FGM: The Culture of Cutting


“A BBC investigation has revealed concerns that young girls are being brought to Scotland to undergo female genital mutilation (FGM) because the country is seen as a soft touch[1]”. Perhaps headlines such as these are part of the reason why there will finally be a parliamentary inquiry into Female Genital Mutilation (FGM)…about time! Just this week, the Commons Home Affairs Select Committee has launched an investigation into why no charges have been brought against these “cutters”.  Despite being illegal in the UK, FGM is still prevalent in our society, parents may take their girls abroad for the procedure or they may ‘fly’ cutters into the country to perform FGM. Flying cutters in or going abroad isn’t even necessary when parents can send their daughters to the local ‘aunty’ who executes the procedure in their very own town. FGM is a violation of the human rights of females. It is still very much a British problem and we have to face the fact that FGM is happening in this country and many others. Although it is a shocking, inhumane act, we cannot be in disbelief about it. FGM does not benefit women and girls in any way, it only harms them. There is NO justification for FGM; it is purely used to control women and we must pay more attention to it.

“Female genital mutilation (FGM) includes procedures that intentionally alter or cause injury to the female genital organs for non-medical reasons[2]”. Female Genital Mutilation (FGM) has been illegal in the UK since 1985, it is also illegal to take girls overseas to have FGM performed, regardless of the law in that country. The three major types of FGM are clitoridectomy, excision and infibulation; they all carry major health risks. “About 140 million girls and women worldwide are currently living with the consequences of FGM[3]”. The procedure carries immediate complications and long term health consequences such as hemorrhages, infections, keloids, complications during childbirth and in extreme cases…death. To think that these are only a few of the many side effects, not to mention the psychological trauma. The traditional ‘circumcisers’ do not even give anesthesia to the girls and they rarely use clean sterilized tools. How would a supporter of FGM justify the act with all these health complications?

FGM is harmful towards women in many ways and there is no reasoning or justification for the act. It isn’t a religious ritual or belief; it is purely a cultural tradition. FGM is performed to control a women’s sexuality and to dampen promiscuity. Sex is no longer enjoyable and the procedure is meant to discourage infidelity and sex before marriage. FGM reduces a woman’s libido, thus demoting sex to a marital and reproductive obligation. This ensures that the woman’s role is solely domestic, she must take care of the family and the house, she will not be thinking about her own ‘sexual desires’. The defense for FGM – based on restraining a girl’s sexual appetite – rests on the overall objective of controlling and subordinating females. This cultural based custom “reflects deep-rooted inequalities between the sexes and constitutes an extreme form of discrimination against women[4]”. Girls who are forced to have FGM are told that it will make them more eligible for ‘marriage’. They are told that they will be seen as ‘dirty’ if they don’t have FGM and if they do, they’re more acceptable in the community. You may assume that it is mainly the men who encourage this discriminatory procedure… but no, mothers are usually pressured by their mother in-laws and aunties to ensure their daughters have FGM; it is the mothers and aunties who ‘pin’ the girls down for the mutilation to happen.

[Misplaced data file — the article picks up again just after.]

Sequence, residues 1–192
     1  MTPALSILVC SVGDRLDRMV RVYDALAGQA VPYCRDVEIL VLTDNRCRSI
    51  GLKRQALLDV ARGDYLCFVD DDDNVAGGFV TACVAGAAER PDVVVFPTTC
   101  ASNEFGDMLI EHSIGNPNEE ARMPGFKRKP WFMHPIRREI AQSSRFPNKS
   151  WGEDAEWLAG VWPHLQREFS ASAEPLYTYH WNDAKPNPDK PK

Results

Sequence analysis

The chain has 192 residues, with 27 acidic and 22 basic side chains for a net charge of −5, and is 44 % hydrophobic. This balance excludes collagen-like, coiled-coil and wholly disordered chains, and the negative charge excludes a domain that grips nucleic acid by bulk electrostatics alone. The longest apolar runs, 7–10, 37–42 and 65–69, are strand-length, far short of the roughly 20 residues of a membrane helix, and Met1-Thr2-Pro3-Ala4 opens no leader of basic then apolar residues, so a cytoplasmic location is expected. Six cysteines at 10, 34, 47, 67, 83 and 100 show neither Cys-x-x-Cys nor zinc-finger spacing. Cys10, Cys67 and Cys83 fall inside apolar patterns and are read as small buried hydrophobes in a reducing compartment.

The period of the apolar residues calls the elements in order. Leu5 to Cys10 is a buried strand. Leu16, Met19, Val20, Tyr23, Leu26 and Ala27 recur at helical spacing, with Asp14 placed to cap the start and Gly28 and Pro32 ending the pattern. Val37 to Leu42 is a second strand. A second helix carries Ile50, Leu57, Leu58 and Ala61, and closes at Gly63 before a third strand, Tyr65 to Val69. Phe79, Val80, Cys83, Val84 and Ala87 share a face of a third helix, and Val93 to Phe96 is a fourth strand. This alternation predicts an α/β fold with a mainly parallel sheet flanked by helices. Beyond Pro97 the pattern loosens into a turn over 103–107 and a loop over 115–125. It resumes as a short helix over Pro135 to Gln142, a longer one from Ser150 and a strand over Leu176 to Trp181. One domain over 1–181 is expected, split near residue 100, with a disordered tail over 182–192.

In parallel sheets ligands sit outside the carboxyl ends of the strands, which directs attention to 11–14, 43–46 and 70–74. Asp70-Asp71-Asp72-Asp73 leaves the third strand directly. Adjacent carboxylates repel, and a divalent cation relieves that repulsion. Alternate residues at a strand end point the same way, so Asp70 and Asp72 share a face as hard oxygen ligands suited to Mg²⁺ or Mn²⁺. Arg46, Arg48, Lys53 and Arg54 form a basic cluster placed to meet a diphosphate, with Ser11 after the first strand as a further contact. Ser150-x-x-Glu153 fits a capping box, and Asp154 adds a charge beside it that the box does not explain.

FGM is wrong full stop; there is no justification for the barbaric act. It is a dangerous procedure that is solely used to control women. We must acknowledge that it is happening, even in countries in which it is illegal. Although prosecutions are difficult because of the lack of evidence, it still surprises me that there hasn’t been one single prosecution, considering that “24,000 girls under the age of 15 in the UK are thought to be at risk of FGM[5]”. This discriminatory act shouldn’t have a place in ANY society and more efforts need to be made to counteract FGM at international and local levels.

[1] “Female genital mutilation rising in soft-touch Scotland,” BBC News,

Accessed November 20, 2013, http://www.bbc.co.uk/news/uk-scotland-24915967

[2] “Female Genital Mutilation,” World Health Organization,

Accessed November 20, 2013, http://www.who.int/mediacentre/factsheets/fs241/en/

[3] Ibid.

[4] Ibid

[5] “Female Genital Mutilation,” The Guardian,

Accessed November 23, 2013, http://www.theguardian.com/society/2013/jan/22/female-genital-mutilation-help-girls


About School of Politics and International Relations

This blog has been set up for the students of PO665, Advanced Topics in Politics and International Relations: Global Gender Justice, which is a course for final year Honours students in the School of Politics and International Relations at the University of Kent. As part of their participation in the course, students submit blog posts that examine issues pertaining to gender justice within the family, the community, the state and global society. We aim to explore the extent to which gender inequality within the state has an impact on state behaviour, with a specific focus on state development and state security, and further aim to analyse the effectiveness and limits of international organisations, international human rights instruments, NGOs and activists to bring about greater gender justice.
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